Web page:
Business services refer to activities that benefit a company without producing a physical product. Companies rely on these service providers for marketing, production, safety and cost-saving reasons. Some common examples of business services include warehousing, insurance and communication.
An important aspect of business services is information technology, which includes computer support, network operations and software. IT professionals work with employees to ensure that a company’s technology functions properly and efficiently, allowing workers to remain productive. The IT department may also perform an annual audit to identify areas for improvement and provide a roadmap for future improvements.
Other common business services include human resources, accounting, legal and marketing. The services provided by these departments help a company maintain its image, comply with regulations and recruit new employees. Professionals in these fields also work with companies to train management and professional staff members.
Some service providers have a specific niche market. For example, some pet care services specialize in grooming or walking dogs, while others offer boarding and daycare. Other businesses offer home or office cleaning services. These businesses serve a particular clientele and typically focus on meeting the needs of those clients to generate repeat business and referrals.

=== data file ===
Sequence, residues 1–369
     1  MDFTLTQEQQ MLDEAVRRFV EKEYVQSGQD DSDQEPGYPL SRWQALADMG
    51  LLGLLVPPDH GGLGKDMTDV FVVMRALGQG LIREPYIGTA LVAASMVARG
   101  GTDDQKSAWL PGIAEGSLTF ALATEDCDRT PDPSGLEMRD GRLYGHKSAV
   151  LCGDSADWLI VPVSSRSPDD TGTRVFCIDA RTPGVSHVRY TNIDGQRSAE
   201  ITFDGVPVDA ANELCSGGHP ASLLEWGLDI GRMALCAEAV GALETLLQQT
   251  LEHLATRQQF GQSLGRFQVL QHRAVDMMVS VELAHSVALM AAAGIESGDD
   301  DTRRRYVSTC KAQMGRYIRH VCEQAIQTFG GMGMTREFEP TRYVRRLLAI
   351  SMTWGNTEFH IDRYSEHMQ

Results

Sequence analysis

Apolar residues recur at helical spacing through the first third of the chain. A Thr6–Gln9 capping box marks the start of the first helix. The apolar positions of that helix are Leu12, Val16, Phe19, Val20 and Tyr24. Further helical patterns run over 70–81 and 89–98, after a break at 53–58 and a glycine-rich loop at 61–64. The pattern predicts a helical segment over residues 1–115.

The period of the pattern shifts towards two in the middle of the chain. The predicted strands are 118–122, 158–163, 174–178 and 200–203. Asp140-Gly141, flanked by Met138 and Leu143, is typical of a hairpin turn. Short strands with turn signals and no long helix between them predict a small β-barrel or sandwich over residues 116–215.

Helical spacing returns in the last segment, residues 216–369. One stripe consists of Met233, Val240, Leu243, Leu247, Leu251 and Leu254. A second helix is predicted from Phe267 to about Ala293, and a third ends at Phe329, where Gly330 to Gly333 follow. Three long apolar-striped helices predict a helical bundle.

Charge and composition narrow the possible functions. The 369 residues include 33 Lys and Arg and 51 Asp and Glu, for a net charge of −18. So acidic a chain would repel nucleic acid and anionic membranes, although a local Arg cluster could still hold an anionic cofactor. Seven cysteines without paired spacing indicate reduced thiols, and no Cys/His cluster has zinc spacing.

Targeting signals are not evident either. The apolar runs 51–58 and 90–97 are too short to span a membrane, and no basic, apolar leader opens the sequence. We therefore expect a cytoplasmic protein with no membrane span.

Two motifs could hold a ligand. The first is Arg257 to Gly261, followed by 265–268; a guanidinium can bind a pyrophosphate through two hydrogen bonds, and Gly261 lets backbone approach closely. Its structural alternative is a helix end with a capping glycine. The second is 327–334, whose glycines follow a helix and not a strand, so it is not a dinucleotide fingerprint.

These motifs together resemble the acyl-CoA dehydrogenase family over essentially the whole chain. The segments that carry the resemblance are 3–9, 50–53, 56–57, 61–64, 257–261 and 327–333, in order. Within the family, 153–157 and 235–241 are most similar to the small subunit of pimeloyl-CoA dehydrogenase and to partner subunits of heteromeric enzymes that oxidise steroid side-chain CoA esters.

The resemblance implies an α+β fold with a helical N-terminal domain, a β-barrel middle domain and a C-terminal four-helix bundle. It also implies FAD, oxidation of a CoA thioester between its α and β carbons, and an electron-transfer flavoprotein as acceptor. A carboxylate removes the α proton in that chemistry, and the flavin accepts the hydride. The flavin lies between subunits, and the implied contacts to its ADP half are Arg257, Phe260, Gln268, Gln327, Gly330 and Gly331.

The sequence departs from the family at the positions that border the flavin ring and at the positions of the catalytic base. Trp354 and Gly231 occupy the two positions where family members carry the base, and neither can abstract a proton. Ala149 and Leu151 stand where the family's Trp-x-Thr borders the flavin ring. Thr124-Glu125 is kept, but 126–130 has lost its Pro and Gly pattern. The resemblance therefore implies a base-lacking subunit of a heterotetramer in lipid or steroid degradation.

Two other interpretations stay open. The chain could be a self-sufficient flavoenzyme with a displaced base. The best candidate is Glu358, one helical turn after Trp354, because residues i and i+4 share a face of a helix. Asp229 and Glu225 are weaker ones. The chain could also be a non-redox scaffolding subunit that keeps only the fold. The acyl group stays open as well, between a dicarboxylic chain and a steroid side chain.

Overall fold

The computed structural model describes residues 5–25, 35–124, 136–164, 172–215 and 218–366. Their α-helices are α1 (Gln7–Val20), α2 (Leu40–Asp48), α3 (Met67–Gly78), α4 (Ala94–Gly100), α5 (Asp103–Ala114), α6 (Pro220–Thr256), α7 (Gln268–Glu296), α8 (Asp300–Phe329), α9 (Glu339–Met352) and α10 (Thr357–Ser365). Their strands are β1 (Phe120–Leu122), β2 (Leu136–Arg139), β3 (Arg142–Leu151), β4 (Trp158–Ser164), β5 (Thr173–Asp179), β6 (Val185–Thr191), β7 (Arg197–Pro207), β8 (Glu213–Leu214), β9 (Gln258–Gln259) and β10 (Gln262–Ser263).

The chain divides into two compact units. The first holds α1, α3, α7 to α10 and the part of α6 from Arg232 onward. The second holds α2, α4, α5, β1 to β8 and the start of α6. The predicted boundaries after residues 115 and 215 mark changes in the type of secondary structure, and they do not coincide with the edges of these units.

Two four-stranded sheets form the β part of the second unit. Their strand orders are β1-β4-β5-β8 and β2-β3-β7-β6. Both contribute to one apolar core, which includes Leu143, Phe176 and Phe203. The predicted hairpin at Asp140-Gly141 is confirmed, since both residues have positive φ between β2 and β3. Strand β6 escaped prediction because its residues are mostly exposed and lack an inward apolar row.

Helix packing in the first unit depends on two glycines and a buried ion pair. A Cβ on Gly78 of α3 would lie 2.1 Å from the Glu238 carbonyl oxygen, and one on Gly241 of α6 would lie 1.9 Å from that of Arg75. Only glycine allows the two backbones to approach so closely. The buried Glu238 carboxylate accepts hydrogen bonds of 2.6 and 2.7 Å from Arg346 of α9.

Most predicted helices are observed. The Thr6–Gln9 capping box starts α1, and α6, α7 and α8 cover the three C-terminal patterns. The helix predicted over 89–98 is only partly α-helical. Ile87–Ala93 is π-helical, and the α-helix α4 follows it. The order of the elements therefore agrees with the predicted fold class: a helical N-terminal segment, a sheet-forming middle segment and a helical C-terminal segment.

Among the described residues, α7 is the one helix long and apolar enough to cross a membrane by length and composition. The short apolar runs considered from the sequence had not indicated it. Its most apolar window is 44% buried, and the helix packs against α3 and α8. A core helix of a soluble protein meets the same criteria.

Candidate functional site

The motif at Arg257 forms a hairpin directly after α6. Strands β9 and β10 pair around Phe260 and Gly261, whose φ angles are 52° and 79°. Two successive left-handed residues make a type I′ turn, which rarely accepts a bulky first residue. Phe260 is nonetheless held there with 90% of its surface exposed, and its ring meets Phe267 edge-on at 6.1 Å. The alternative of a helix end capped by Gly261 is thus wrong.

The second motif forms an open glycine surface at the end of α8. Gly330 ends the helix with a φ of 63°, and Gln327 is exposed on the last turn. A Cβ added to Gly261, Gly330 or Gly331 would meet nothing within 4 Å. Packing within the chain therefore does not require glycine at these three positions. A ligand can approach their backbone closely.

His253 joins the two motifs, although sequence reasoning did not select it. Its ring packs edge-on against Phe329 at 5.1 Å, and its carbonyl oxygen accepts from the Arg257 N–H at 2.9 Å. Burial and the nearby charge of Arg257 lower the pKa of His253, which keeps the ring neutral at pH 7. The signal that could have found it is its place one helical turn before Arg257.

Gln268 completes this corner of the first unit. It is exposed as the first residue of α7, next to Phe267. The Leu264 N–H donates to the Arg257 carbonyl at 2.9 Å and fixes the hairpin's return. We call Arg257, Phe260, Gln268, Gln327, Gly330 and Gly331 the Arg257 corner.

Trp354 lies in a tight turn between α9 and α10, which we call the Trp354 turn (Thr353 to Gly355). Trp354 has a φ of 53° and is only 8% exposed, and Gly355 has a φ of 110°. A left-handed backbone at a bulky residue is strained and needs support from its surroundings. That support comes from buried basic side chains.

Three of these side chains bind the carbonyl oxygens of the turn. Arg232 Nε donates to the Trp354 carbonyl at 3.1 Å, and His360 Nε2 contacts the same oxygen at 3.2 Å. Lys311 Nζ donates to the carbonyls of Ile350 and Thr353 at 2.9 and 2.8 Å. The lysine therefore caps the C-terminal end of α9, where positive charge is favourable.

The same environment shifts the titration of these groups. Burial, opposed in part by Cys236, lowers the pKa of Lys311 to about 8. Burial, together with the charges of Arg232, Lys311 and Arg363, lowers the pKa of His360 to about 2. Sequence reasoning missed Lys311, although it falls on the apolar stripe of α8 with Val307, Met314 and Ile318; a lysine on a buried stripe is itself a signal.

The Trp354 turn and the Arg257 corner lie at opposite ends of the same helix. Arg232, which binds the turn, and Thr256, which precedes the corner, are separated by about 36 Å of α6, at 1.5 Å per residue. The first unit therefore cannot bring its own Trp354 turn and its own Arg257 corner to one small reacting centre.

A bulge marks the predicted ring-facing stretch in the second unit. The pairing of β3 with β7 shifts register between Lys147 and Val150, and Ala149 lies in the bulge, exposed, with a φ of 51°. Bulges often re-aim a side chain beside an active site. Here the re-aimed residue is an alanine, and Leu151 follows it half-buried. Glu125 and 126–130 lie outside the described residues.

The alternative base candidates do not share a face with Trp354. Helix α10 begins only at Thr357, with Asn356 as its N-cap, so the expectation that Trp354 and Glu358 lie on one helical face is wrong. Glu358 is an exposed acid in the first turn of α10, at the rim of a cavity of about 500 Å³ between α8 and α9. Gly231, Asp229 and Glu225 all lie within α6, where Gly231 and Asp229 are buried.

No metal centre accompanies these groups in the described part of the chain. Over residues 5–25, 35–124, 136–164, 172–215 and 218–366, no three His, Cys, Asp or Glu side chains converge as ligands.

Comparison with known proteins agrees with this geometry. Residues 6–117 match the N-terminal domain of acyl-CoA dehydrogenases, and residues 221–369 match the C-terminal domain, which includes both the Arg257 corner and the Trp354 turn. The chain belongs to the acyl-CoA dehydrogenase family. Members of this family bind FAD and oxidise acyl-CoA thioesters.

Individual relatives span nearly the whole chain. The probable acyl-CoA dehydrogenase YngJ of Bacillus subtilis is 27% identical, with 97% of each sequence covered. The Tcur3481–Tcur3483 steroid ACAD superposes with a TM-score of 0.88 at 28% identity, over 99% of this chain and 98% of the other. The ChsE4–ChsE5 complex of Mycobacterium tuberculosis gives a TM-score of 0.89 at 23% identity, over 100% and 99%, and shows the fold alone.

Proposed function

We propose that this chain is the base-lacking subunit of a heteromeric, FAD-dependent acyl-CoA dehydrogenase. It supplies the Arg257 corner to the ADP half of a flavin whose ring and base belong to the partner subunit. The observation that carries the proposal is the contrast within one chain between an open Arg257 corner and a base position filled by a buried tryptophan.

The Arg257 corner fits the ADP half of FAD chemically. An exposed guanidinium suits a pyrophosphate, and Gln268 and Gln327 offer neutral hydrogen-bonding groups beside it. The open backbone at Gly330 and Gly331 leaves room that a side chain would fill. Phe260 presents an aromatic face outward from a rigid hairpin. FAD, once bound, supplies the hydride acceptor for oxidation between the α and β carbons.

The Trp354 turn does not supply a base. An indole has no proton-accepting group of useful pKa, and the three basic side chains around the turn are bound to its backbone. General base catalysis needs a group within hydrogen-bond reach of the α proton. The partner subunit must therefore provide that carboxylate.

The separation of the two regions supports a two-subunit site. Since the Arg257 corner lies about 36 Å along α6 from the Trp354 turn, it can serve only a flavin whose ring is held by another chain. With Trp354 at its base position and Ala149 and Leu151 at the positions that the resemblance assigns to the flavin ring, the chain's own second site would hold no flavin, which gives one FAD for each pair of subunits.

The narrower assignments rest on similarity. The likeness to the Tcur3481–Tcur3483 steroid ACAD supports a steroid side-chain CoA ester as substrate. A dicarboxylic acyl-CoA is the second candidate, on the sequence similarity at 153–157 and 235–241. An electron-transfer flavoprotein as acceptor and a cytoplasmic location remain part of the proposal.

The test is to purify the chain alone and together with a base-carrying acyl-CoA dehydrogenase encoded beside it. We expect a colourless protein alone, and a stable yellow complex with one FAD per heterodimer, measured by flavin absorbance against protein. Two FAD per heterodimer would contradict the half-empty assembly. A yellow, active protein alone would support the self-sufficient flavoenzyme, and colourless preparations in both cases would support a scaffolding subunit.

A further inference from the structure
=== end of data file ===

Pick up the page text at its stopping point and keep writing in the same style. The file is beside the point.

The broader scope of business services extends to other industries, as well. A company that sells medical supplies, for example, could partner with a janitorial service to clean the company’s facilities regularly and ensure compliance with health and safety regulations. Business-to-business shipping firms often rely on value-added services, such as warehousing and distribution, to speed up the process of getting goods from manufacturers to customers.
Companies also hire business service providers to assist with employee benefits. These services may include providing a day care center on site to allow workers to balance family obligations with their careers and save time, money or gas. Other perks that businesses provide for their employees may include gym memberships, free or discounted meals and health insurance.
A career in a service business can be rewarding, but it can also be stressful and fast-paced, especially when you’re working in an environment with high turnover and tight deadlines. If you don’t work well under pressure, this type of career may not be for you.
The industry includes many subsectors, including accounting, human resources, IT and law. Each of these subsectors has its own specializations and requirements. Some of these subsectors have an industry association that sets standards and provides support to its member companies. Some of these organizations also conduct research and publish data about the industry. The following tables present statistics on employment and unemployment in the professional and business services supersector. The tables also contain estimates of job gains and losses and projected occupational employment change. This information comes from employer or establishment surveys and a survey of households. In addition, a separate table presents the number of workplace fatalities and the rates of work-related injuries and illnesses per 100 full-time workers. These data come from the Bureau of Labor Statistics.